Risks of Giving Ibuprofen in Chicken pox

    You may already be aware that Aspirin should not be given to children with a fever as it can lead to a serious condition called Reye’s Syndrome. But did you also know that Ibuprofen can also result in problems when used for chicken pox?

    In many conditions Ibuprofen is very useful in reducing inflammation, pain and a temperature. However, recent research has shown that using Ibuprofen in chicken pox can cause a potentially serious skin infection known as necrotising fasciitis. The full causes of this link are still unknown, but experts believe that by reducing inflammation, which is the body’s natural response to the chicken pox virus, it has the potential to reduce the body’s ability to fight off this virus on the skin, therefore leaving the skin vulnerable to certain bacteria.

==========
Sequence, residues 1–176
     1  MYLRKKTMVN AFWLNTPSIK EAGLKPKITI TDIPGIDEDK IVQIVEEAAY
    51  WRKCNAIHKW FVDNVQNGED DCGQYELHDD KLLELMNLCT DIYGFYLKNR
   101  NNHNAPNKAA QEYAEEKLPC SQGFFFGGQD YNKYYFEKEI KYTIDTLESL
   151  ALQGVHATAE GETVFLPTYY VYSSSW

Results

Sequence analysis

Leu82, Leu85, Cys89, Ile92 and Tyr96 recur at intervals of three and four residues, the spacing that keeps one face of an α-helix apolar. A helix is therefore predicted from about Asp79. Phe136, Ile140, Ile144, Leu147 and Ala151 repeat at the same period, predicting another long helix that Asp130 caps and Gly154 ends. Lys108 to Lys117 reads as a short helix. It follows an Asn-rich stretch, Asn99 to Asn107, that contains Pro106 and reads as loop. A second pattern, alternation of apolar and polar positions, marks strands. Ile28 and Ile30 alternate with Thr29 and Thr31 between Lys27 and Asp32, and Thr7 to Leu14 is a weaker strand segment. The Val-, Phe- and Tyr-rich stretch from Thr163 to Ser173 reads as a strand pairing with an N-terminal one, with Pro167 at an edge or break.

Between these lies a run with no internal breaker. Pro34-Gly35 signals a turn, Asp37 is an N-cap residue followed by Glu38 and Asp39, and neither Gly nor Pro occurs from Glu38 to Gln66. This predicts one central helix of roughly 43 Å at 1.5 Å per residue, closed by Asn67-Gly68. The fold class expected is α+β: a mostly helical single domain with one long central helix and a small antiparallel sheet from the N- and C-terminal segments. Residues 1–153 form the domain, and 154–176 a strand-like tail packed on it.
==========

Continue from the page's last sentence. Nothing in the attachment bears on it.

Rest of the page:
For information on the treatment of chicken pox go to:

    https://www.nhs.uk/conditions/chickenpox/

     

    For more info on Necrotising fasciitis go to:

    https://www.nhs.uk/conditions/necrotising-fasciitis/

     

    References:

    NSAIDS and Chicken Pox, Annabel Gilbert, The British Journal of General Practice: https://www.ncbi.nlm.nih.gov/pmc/articles/PMC4871288/

     

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